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Let's say I have a vector $u$, whose magnitude (L2-norm) is $|u|$ and whose direction is $\frac{u}{|u|}$. I have another vector $v$, whose magnitude and direction are both different to that of $u$. So, $|v| \neq |u|$ and $\frac{v}{|v|} \neq \frac{u}{|u|}$.

What I want to do, is create a new vector $w$ whose magnitude is equal to that of $u$, but whose direction is equal to that of $v$. So this can be thought of as taking vector $v$, and changing its magnitude such that the magnitude is equal to $|u|$.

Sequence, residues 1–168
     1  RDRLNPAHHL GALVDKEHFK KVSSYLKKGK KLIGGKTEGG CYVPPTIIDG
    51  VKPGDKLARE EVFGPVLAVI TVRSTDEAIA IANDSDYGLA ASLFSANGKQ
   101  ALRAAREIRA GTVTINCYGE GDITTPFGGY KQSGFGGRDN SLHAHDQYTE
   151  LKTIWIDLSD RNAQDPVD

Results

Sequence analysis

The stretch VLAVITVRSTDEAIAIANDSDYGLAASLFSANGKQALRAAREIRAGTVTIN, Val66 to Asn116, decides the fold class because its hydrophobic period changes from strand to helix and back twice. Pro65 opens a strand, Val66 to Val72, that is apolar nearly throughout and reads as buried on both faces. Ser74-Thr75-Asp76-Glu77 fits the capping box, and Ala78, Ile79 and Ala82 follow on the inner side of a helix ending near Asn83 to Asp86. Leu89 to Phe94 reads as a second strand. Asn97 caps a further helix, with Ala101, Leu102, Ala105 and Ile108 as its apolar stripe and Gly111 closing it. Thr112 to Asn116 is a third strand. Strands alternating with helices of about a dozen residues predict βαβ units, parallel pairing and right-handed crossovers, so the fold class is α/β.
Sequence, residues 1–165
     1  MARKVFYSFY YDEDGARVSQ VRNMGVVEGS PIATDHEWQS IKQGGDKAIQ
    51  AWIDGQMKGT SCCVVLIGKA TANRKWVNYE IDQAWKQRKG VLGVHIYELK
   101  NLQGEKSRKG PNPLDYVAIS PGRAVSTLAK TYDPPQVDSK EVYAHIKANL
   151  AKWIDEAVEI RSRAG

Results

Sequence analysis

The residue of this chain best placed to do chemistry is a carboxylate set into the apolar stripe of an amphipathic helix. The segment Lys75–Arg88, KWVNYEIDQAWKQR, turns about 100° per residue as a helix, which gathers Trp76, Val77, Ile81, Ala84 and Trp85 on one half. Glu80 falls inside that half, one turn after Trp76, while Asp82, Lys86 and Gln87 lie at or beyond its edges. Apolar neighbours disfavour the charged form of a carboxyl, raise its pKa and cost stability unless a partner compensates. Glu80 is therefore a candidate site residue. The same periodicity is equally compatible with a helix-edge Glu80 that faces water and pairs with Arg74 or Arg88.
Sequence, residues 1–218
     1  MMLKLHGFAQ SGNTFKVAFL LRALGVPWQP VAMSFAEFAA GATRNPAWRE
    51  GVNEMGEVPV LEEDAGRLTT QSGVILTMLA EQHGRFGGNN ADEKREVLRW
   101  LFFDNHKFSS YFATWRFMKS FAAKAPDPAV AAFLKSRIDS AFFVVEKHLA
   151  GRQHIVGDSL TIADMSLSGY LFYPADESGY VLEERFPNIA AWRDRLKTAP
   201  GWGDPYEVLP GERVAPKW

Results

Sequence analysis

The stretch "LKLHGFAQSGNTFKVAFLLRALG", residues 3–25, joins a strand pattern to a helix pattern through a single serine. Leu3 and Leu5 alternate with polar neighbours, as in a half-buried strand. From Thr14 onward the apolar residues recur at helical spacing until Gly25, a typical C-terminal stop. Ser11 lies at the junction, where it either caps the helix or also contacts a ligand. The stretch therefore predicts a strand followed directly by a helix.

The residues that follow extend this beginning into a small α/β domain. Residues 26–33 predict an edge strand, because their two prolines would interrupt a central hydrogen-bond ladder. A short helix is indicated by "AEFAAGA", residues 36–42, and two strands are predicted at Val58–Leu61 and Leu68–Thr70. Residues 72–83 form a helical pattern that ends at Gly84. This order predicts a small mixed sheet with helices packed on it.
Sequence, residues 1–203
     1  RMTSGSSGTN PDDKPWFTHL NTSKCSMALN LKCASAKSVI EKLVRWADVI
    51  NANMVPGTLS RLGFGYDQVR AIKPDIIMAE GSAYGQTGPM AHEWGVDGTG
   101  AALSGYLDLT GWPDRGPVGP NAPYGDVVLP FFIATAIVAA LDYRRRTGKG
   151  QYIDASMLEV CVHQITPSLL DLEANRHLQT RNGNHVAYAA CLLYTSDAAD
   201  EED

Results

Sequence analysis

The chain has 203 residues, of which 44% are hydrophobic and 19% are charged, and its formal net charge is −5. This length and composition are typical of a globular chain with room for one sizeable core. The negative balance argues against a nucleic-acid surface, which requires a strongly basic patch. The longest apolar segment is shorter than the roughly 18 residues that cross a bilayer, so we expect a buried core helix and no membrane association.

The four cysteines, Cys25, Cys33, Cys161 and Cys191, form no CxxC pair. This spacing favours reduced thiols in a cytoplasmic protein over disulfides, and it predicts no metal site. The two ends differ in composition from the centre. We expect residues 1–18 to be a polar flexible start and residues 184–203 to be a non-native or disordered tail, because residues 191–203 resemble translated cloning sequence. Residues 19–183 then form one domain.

This seems quite trivial, but I cannot work it out! Any help please?

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$$w = |u|\frac{v}{|v|}{}{}{}$$

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    $\begingroup$ I kinda hate that $u$ and $v$ are the usual symbols for this sort of thing, they're hard to tell apart. $\endgroup$ – Dan Uznanski Jan 26 at 21:01
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As a general rule, given a nonzero element of a vector space, that is, a vector $v$, take any nonzero scalar $\alpha$ not equal to $1$, and the product $\alpha v$ will do the trick.

For your specific question, which is different (more detailed) than the title, just choose $\alpha=|u|/|v|$.

At least, unless there is a pathological example where this isn't true ( which at the moment eludes me). But it should be true in $L^2$, which is actually a Hilbert space.

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